Our Little Family

TV review by
Melissa Camacho, Common Sense Media
Our Little Family TV Poster Image
Little people-focused reality show has empowering messages.

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A lot or a little?

The parents' guide to what's in this TV show.

Positive Messages

It shows a family that is willing and able to adapt their lives to a world filled with average-sized people. 

Positive Role Models & Representations

The Hamills are raising their children to believe that their dwarfism does not interfere with whatever they want to accomplish in life. 

Violence & Scariness

Occasionally children get mildly hurt playing; a bloody nose is visible. Concerns raised about bullying. Toys include space guns. 

Sexy Stuff
Language
Consumerism

The Hamills drive Toyotas.

Drinking, Drugs & Smoking

What parents need to know

Parents need to know that Our Little Family is a reality show featuring a family in which all members have dwarfism. It's voyeuristic, but sends strong messages about the ability to live full lives regardless of whatever challenges they may have due to their size. There some occasional arguments, bumps, and bruises among children, and bullying is discussed, but there's nothing much to worry about here. 

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What's the story?

OUR LITTLE FAMILY features the Hamills, a Maryland family of five who happen to be little. Michelle and Dan Hamill are parents to 6-year-old son Jack, and their almost-three year old twins, Cate and CeCe. From coping with Michelle's bad cooking to adjusting to having their children in school, they want to show the world that despite some unique challenges, they live their lives just like anyone else.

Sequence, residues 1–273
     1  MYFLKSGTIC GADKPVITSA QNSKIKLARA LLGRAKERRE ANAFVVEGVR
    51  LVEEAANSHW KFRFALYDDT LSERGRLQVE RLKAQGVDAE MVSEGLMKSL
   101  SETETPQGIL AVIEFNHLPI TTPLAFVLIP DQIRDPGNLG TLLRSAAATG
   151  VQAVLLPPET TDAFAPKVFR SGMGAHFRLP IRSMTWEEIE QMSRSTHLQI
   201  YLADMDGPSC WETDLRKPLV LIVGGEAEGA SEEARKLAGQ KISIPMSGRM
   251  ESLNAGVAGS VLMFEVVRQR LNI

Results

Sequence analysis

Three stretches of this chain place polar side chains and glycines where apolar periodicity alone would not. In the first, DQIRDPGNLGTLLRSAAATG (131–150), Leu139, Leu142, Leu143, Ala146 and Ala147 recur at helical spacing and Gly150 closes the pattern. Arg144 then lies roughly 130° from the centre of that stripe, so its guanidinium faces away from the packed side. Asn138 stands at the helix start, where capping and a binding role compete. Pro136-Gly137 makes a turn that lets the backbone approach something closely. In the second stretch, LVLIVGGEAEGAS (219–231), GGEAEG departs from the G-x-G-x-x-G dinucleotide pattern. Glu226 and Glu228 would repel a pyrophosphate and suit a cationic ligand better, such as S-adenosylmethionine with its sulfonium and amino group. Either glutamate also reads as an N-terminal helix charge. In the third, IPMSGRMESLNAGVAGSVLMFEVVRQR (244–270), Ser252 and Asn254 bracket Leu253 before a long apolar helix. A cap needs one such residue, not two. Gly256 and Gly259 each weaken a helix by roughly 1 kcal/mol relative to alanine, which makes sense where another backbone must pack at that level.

Is it any good?

This slice-of-life series shows how a family, all the members of which have achondroplasia (the most common form of dwarfism), adapt their lives to an larger-sized world. As cameras follow them, they also share some of the challenges they face, many of which average-sized people are unaware of. Despite the tidbits of information about living life as little people, most of what is featured here are simply the day-to-day adventures of a family with small children. But the messages it sends about not allowing their size to keep them from living life to the fullest is invaluable. 

Talk to your kids about ...

  • Families can talk about dwarfism. Who can be born with it? What are some of the challenges that people who have it face? 

  • What is the purpose of reality shows that feature people who look or seem "different" than average people? Is it to educate? Or is it to offer some voyeuristic entertainment? 

TV details

For kids who love reality families

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